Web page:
=Habitat and Range.=--In strong, well-drained soil; pastures, rocky
woods, and hillsides.
Maine,--southern sections, probably not indigenous north of latitude 44 deg.
20'; New Hampshire,--Connecticut valley near the river, as far north as
Windsor, Vt.; most abundant in the Merrimac valley south of Concord, but
occasional a short distance northward; Vermont,--common in
southern sections, especially in the Connecticut valley; occasional as
far north as Windsor (Windsor county), West Rutland (Rutland county),
Burlington (Chittenden county); Massachusetts,--rather common throughout
the state, but less frequent near the sea; Rhode Island and
South to Delaware, along the mountains to Alabama; west to
Michigan, Indiana, and Tennessee.
=Habit.=--A tree of the first magnitude, rising to a height of 60-80
feet and reaching a diameter of 5-6 feet above the swell of the roots,
with a spread sometimes equaling or even exceeding the height; attaining
often much greater proportions. The massive trunk separates usually a
few feet from the ground into several stout horizontal or ascending
branches, the limbs higher up, horizontal or rising at a broad angle,
forming a stately, open, roundish, or inversely pyramidal head;
branchlets slender; spray coarse and not abundant; foliage bright green,
dense, casting a deep shade; flowers profuse, the long, sterile catkins
upon their darker background of leaves conspicuous upon the hill
slopes at a great distance. A tree that may well dispute precedence with
the white or red oak.
=Bark.=--Bark of trunk in old trees deeply cleft with wide ridges, hard,
rough, dark gray; in young trees very smooth, often shining; season's
shoots green or purplish-brown, white-dotted.
=Winter Buds and Leaves.=--Buds small, ovate, brown, acutish. Leaves
simple, alternate, 5-10 inches long, 1-3 inches wide, bright clear
green above, paler beneath and smooth on both sides; outline
oblong-lanceolate, sharply and coarsely serrate; veins straight,
terminating in the teeth; apex acuminate; base acute or obtuse;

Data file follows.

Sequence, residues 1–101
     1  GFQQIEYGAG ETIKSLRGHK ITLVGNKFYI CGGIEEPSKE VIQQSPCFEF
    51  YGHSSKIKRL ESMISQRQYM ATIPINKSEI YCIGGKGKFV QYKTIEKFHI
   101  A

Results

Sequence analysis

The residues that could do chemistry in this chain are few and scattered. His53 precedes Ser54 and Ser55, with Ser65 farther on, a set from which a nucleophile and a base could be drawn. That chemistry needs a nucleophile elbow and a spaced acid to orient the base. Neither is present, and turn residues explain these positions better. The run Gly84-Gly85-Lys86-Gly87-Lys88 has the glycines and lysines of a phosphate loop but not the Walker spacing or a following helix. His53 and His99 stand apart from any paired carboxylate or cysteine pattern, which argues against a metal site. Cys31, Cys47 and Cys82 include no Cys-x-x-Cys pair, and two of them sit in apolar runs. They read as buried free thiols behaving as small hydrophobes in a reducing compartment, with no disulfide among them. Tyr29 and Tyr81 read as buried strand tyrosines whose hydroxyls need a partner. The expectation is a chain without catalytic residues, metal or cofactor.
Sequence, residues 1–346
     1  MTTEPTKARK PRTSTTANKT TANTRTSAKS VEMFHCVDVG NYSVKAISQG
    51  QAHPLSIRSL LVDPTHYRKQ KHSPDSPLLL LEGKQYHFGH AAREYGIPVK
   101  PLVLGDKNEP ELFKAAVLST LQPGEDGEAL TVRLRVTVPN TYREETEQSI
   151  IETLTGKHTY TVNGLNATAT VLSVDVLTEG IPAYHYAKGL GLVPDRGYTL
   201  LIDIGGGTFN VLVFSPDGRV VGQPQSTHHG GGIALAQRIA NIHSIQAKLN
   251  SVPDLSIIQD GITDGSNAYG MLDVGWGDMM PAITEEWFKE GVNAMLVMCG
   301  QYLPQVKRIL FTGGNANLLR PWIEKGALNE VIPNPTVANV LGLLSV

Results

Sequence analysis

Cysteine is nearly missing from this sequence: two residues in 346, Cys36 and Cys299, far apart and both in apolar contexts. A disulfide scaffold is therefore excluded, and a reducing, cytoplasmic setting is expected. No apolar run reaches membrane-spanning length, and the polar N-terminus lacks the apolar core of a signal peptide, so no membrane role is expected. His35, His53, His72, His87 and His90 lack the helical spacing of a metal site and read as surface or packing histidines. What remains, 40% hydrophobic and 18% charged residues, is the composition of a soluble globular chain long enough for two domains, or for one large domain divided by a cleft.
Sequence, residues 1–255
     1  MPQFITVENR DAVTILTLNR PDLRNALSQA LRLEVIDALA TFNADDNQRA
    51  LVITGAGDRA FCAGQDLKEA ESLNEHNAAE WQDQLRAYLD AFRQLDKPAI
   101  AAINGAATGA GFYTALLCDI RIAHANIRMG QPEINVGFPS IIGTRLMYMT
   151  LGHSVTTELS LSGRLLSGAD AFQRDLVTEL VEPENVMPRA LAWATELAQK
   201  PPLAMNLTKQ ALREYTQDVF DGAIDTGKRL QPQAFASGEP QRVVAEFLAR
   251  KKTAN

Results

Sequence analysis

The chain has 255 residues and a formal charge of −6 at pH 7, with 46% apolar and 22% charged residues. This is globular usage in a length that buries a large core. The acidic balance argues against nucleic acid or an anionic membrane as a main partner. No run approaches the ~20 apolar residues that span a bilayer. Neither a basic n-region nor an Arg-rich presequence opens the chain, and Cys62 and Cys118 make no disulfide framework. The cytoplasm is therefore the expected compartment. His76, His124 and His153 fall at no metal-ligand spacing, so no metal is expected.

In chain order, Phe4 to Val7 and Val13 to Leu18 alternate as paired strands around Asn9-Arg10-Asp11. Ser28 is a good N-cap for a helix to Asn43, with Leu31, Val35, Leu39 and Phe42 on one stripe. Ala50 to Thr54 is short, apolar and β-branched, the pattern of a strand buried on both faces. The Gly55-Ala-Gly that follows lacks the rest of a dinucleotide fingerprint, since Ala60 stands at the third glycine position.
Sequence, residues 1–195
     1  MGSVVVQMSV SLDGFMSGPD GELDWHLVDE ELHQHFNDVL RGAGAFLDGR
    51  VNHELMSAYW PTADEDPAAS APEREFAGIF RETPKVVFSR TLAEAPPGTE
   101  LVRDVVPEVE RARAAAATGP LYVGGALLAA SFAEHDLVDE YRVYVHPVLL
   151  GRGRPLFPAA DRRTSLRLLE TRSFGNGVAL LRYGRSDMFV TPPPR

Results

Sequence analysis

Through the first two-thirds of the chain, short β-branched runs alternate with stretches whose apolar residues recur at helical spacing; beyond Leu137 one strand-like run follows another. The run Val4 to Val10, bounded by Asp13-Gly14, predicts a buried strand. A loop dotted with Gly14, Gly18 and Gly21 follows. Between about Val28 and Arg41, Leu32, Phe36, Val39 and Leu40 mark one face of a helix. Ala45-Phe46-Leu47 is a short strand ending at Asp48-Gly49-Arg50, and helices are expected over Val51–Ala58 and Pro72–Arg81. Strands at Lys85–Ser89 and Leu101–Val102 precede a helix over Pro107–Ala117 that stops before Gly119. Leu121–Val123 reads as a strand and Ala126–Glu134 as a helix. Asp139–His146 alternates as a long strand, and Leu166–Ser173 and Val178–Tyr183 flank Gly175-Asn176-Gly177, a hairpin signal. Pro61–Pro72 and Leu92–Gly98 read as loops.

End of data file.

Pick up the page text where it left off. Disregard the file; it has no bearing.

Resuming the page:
leafstalk short; stipules soon falling.
=Inflorescence.=--June to July. Appearing from the axils of the season's
shoots, after the leaves have grown to their full size; sterile catkins
numerous, clustered or single, erect or spreading, 4-10 inches long,
slender, flowers pale yellowish-green or cream-colored; calyx pubescent,
mostly 6-parted; stamens 15-20; odor offensive when the anthers are
discharging their pollen: fertile flowers near the base of the upper
sterile catkins or in separate axils, 1-3 in a prickly involucre; calyx
6-toothed; ovary ovate, styles as many as the cells of the ovary,
=Fruit.=--Burs round, thick, prickly, 2-4 inches in diameter, opening by
4 valves: nuts 1-5, dark brown, covered with whitish down at apex, flat
on one side when there are several in a cluster, ovate when only one,
sweet and edible.
=Horticultural Value.=--Hardy throughout New England; prefers fertile,
well-drained, gravelly or rocky soil; rather difficult to transplant;
usually obtainable in nurseries. Its vigorous and rapid growth, massive,
broad-spreading head and attractive flowers make it a valuable tree for
landscape gardening, but in public places the prickly burs and edible
fruit are a serious disadvantage. Propagated from the seed.
1. Winter buds.
2. Flowering branch.
3. Sterile flower.
4. Fertile flower.
Inflorescence appearing with the leaves in spring; sterile catkins from
terminal or lateral buds on shoots of the preceding year, bracted,
usually several in a cluster, unbranched, long, cylindrical, pendulous;
bracts of sterile flowers minute, soon falling; calyx parted or lobed;
stamens 3-12, undivided: fertile flowers terminal or axillary upon the
new shoots, single or few-clustered, bracted, erect; involucre scaly,
becoming the cupule or cup around the lower part of the acorn; ovary
3-celled; stigma 3-lobed.
Leaves with obtuse or rounded lobes or teeth; cup-scales thickened or
knobbed at base; stigmas sessile or nearly so; fruit maturing the first